Jay Nelson’s spectacular wooden builds turn mass-produced cars, boats and scooters into beautifully whacky exploration vessels.

Jay Nelson’s spectacular wooden builds turn mass-produced cars, boats and scooters into beautifully whacky exploration vessels.

Wandering through the forest in San Francisco’s Bay Area, you might just walk right past artist Jay Nelson’s work without even noticing. Jay’s sprawling treehouses melt into the wild, their geometric, but playful and organic shapes weaving themselves into the surrounding woodland.

Jay’s first ever build was a make-it-up-as you go-along treehouse, but over the years he’s refined his craft to transform cars, surfboard-carrying boats, vans and even scooters into incredible wood-panelled wanderlust machines.

What does adventure mean to you?
Honestly it doesn’t mean a whole lot, I think it’s over used, but I remember Yvon Chouinard saying that an adventure doesn’t begin ’til everything goes wrong. I think sometimes things aren’t worth doing unless they ask deep questions. I always start a project with a ton of optimism. About half way through there’s usually a period of despair and then I have to work through that. The despair is important because that means you don’t know where things are going and you’re scared. It’s humbling and it makes you ask important questions: what is this about, why is it important, what am I contributing. The only way to get over the despair is to work through it. Ideally in the end you answer these questions and the work reveals itself. I imagine a great adventure is the same.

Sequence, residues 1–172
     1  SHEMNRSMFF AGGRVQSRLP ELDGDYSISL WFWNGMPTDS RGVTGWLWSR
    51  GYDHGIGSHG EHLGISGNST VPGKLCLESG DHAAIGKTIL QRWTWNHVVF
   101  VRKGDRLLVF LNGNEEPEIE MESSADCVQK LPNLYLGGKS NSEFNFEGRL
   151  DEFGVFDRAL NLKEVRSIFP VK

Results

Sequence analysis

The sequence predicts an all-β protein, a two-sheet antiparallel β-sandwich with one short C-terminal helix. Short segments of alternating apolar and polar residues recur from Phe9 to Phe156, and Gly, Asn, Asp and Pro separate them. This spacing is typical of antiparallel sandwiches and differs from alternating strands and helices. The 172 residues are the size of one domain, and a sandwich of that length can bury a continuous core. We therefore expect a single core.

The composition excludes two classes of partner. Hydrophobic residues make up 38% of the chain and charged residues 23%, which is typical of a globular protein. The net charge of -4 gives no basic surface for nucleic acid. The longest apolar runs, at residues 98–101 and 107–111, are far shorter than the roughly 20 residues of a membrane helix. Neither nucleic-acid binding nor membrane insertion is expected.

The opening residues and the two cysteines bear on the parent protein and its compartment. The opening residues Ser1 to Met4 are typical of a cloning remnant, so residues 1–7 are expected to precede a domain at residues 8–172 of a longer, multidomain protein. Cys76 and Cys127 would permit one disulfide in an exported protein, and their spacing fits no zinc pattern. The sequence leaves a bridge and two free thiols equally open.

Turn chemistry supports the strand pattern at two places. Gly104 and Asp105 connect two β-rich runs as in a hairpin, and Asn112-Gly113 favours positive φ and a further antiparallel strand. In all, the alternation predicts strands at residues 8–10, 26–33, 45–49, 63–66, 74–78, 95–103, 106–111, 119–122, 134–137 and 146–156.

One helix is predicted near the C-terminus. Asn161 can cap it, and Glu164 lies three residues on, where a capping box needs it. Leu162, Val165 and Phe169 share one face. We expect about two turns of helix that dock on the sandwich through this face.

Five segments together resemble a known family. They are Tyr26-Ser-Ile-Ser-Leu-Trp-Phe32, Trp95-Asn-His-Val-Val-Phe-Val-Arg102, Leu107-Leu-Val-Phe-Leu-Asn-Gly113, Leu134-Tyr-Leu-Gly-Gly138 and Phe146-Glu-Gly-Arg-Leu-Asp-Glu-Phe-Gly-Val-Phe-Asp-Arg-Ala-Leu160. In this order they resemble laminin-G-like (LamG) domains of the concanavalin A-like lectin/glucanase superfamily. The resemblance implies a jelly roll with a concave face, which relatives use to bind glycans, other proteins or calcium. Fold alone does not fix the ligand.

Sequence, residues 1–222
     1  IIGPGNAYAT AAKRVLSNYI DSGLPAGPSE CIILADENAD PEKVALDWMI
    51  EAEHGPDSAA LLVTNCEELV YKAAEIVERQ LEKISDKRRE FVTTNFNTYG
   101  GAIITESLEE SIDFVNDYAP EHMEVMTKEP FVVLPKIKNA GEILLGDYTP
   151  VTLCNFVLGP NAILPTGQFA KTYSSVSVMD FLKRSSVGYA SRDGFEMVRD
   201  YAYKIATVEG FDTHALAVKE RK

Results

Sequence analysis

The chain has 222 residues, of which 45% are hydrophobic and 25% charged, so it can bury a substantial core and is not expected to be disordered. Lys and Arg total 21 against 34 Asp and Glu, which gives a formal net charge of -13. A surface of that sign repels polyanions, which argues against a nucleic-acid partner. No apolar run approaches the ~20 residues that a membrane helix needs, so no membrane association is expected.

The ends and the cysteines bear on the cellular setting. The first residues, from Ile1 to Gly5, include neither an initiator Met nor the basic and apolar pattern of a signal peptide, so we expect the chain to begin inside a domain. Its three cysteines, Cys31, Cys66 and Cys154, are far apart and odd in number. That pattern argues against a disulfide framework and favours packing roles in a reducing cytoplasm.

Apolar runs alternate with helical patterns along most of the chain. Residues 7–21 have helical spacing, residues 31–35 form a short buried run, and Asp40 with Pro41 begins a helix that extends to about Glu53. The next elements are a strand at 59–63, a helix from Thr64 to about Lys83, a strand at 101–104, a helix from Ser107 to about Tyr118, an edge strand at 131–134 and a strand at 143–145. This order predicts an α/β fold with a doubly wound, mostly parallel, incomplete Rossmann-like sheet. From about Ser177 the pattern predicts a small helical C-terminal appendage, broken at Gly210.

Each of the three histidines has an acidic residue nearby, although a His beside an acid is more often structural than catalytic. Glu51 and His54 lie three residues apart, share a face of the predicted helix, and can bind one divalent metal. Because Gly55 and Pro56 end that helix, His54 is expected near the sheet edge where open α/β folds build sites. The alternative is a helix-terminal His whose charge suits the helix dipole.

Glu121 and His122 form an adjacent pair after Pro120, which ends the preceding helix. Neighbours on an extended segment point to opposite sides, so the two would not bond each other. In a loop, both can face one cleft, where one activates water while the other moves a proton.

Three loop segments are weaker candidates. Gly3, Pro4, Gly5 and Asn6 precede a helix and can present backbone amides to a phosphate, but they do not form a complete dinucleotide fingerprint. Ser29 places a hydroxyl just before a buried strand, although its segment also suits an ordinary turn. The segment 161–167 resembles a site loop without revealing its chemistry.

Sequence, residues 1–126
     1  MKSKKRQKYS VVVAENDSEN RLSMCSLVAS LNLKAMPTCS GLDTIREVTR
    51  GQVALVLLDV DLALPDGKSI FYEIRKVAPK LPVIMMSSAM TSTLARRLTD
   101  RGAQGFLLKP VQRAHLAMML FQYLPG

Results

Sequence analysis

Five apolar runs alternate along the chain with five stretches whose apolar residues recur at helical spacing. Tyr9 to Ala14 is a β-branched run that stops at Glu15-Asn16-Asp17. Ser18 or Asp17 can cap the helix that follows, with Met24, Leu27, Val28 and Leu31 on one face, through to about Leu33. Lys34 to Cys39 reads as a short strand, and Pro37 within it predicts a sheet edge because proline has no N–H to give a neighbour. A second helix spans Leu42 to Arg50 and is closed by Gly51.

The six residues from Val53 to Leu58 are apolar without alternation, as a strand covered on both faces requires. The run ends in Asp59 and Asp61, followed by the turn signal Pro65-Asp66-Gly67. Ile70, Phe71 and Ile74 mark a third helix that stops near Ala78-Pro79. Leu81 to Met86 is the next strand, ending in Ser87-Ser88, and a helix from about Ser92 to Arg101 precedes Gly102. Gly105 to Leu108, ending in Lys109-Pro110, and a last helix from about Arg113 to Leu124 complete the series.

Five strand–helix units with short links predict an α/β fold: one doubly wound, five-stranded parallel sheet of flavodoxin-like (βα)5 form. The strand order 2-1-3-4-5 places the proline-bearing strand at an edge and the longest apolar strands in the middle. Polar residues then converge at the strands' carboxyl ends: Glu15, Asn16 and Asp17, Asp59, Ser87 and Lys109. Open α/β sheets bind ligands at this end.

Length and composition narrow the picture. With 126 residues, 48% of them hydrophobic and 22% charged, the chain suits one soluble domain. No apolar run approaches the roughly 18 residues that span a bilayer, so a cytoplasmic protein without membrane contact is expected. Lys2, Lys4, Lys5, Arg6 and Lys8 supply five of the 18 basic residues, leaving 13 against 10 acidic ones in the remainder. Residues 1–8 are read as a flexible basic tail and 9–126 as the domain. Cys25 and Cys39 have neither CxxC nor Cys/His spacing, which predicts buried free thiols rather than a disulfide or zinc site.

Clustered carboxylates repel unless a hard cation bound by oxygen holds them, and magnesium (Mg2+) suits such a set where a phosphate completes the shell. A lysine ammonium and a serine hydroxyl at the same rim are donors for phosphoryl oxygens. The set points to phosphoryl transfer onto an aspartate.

When you get jaded by life, what helps you get your head back in the right place?
Surfing is about escaping from human problems (unless it’s packed). I find that if I’m feeling negative it’s probably cause I haven’t been surfing. If I’m not working on art enough I can get negative so working brings me back up.

Do you remember the first thing you ever built? What made you decide to follow that path?
The first thing I built was a treehouse, I worked on it for years with no direction just nailing up wood as I found it, I think I eventually killed the tree.

I’m very thankful for a group mentors I had in my early twenties and still look up to today. To name a few Keith Aderholdt, Alex Kopps, John McCambridge, Thomas Campbell, Luke Bartels, Jeff Canham, Danny Hess, Barry Mcgee, Chris Reardon. Nobody gets anywhere on their own and I’m thankful for for my Bay Area community , we all help each other.

What have been the biggest challenges on your journey as an artist?
Probably dealing with the money side of things. I’ve struggled a lot with how to value my work and how to not let money get in the way of relationships. When I was younger I would just not talk about it and do things for free or for very little compensation, I felt and feel like friendships are the most important thing. But then I would feel resentful and unappreciated. I’m still learning.

The photos from this story come from our friends at Freunde von Freunden. Head over to their site to read an extended feature with Jay.

Check out more of Jay Nelson’s work.